Mortgage Software Solutions Blog

Understanding TRID and What it Means for the Mortgage Industry

TRID-and-the-mortgage-industry.jpgYou may know a bit about TRID and what it means for the mortgage industry, but how much do you really know? We've found a few things that everyone should know about it. Let's start with a few basics for better understanding TRID.

What is TRID?

TRID is an acronym for the TILA-RESPA Integrated Disclosure rule. TRID became law as part of the Dodd-Frank Wall Street Reform and Consumer Protection Act (Dodd-Frank). Sections 1098 and 1100A of Dodd-Frank required the appropriate rulemaking agency to publish revised forms and rules that require the mortgage industry to combine the disclosure information that consumers receive when they apply for and close on a mortgage under the Truth in Lending Act (TILA) with the settlement disclosures under the Real Estate Settlement Procedures Act (RESPA).

What Agency Writes the Rules for TRID?

The Consumer Financial Protection Bureau (known more familiarly as the CFPB) has rulemaking authority over TRID. On November 20, 2013, CFPB released 1,900 pages that comprised the final rule on TRID. The rule was effective for mortgage applications received on and after August 15, 2015.

There's another proposed rule due out in April 2017 that will clarify a few issues. When the CFPB's comment period on the new proposed rule closed in October 2016, they had received 1500 comments.

What Are the New Forms?

The final rule mandates two disclosure forms:

  • The Loan Estimate, which blends the RESPA Good Faith Estimate with TILA provisions
  • The Closing Disclosure, which integrates the TIL and the HUD settlement statement.

The Loan Estimate provides a summary of estimated loan terms, loan and closing costs, and disclosures. As its name implies, the Closing Disclosure provides a summary of the actual loan terms, loan and closing costs, and other disclosures.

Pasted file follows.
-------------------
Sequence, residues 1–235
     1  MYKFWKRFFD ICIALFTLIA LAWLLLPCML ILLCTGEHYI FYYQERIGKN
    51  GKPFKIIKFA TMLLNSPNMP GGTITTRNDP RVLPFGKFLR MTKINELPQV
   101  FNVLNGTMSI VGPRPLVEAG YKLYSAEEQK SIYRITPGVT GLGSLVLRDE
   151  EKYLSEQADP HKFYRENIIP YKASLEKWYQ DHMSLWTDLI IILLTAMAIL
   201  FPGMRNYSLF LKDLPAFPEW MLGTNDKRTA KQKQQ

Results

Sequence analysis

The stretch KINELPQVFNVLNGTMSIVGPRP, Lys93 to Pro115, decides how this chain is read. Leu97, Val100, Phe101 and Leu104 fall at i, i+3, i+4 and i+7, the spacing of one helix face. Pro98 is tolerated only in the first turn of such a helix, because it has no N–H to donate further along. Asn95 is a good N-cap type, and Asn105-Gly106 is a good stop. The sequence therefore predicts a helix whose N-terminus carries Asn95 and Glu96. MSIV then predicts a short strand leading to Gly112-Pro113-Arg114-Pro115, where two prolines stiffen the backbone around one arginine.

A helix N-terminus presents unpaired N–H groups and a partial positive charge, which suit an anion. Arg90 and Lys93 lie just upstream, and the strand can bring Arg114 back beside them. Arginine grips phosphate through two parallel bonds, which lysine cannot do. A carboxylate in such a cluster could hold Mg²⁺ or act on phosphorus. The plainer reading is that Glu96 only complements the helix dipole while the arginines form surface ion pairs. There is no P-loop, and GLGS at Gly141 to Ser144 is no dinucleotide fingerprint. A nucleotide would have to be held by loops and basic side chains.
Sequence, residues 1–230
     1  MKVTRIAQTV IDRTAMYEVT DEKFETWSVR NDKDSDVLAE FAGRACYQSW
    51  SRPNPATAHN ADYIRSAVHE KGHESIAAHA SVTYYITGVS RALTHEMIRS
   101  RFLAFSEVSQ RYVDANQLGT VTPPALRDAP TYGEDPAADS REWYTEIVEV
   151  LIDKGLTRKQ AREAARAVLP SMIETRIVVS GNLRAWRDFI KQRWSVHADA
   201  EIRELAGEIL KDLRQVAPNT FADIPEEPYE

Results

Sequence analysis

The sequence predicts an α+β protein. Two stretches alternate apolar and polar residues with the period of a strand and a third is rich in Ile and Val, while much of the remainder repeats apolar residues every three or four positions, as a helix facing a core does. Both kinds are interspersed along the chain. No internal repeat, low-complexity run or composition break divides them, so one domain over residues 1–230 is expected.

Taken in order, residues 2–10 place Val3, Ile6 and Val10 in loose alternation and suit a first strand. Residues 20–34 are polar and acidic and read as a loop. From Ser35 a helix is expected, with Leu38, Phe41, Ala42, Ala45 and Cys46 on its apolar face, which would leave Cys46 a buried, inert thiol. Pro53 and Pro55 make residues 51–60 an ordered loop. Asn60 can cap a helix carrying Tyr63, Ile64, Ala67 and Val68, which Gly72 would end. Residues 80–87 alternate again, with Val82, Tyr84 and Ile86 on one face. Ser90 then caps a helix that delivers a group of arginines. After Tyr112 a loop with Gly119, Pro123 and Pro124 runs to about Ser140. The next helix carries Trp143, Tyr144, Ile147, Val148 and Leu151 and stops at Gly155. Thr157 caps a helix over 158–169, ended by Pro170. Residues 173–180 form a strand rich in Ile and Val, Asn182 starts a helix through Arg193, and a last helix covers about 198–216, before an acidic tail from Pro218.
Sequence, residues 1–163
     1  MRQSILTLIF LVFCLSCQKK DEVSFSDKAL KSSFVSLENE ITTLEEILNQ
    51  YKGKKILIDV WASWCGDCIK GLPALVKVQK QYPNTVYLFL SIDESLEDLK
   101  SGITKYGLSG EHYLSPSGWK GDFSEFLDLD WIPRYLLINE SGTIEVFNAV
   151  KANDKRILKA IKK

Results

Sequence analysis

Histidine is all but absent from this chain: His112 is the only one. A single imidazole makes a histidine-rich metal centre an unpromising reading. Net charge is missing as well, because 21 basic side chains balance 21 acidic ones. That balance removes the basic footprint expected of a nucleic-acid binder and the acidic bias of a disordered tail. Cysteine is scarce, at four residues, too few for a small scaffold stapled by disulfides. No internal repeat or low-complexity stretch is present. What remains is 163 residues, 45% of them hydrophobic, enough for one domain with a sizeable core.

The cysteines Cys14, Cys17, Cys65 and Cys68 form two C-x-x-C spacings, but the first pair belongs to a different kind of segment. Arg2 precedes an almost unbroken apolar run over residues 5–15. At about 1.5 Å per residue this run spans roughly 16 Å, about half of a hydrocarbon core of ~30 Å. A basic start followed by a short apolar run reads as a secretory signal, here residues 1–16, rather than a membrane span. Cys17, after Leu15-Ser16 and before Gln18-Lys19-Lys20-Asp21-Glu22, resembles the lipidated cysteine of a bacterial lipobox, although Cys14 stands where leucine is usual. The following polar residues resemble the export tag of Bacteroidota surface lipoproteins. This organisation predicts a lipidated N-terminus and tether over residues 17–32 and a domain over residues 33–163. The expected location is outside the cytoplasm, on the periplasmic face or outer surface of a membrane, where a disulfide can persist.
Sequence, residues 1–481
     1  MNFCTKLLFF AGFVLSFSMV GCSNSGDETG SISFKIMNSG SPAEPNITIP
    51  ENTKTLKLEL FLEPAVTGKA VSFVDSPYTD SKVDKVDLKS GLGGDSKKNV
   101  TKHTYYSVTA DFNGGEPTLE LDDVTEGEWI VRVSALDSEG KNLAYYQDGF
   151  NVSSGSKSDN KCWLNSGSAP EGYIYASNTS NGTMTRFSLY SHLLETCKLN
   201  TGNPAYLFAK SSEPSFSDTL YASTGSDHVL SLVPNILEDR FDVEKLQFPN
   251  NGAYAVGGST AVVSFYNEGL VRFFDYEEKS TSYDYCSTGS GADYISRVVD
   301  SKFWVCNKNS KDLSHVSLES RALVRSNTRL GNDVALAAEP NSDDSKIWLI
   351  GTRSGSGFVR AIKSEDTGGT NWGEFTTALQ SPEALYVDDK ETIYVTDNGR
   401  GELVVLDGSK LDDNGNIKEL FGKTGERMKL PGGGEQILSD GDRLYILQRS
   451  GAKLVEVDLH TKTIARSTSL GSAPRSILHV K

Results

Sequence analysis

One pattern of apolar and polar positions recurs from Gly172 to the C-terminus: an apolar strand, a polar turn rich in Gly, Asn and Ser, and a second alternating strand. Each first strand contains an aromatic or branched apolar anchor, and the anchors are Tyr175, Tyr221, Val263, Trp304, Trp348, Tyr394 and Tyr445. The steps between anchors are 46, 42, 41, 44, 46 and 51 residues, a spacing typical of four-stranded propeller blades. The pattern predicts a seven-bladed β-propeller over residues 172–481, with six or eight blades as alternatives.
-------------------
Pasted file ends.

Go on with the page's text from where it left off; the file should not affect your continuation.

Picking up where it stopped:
Compliance with the TRID rules and CFPB regulations is a major challenge for the mortgage industry. The final rule applies to most closed-end mortgages but does not apply to mobile home mortgages, home equity lines of credit, reverse mortgages, or to creditors who close five or fewer loans in a year. That last is the final rule's only exception for small creditors.  

The final rule also made significant changes to RESPA and TILA, which are outside the scope of this post.

TRID's Biggest Changes

The biggest change for consumers is that, under the new rules, they will receive closing information at least 3 days before their settlement date. That change gives them more time to review and understand the financial disclosures before they go to settlement. If they do not understand something on the disclosure forms, they will have ample opportunity to ask questions before the big event.

The biggest change for the mortgage industry is that the lender now is responsible to prepare the consumer's settlement forms. In the past, the title company completed the HUD forms and gave them to the lender for review, but the responsibility for the disclosure forms was always with the title company. This change disrupts mortgage companies’ internal processes as loan officers struggle to absorb this responsibility into their procedures. The change in rules will require new deadlines for the new forms.

CFPB anticipates that new rules will make settlements run more smoothly and that fewer errors will occur.

Other Changes to the Mortgage Process

The new disclosure forms are not the only changes to the mortgage process. The final rule changes the application definition, tightens the ability to increase costs throughout the mortgage process, and adds the three-day waiting period that runs from the date the consumer receives the disclosure information up until the settlement date. If the lender modifies the disclosure information, then another three-day waiting period applies before the consumer can go to settlement.

As you can imagine, these disruptions and system modifications are expensive, and the consumer will ultimately bear the brunt of these costs.

A Final Word About Fannie Mae and Freddie Mac and HUD

It is unclear how these government entities will address TRID. If they take a conservative approach to their quality procedures, and repurchase and claims procedures, the disruption may cause a sizeable market upheaval.

At Access Business Technologies, we provide mortgage businesses with the tools they need for comprehensive document management, security compliance, and proper regulatory alignment. To learn more about our suite of cloud services, please contact us.


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Topics: mortgage regulations TRID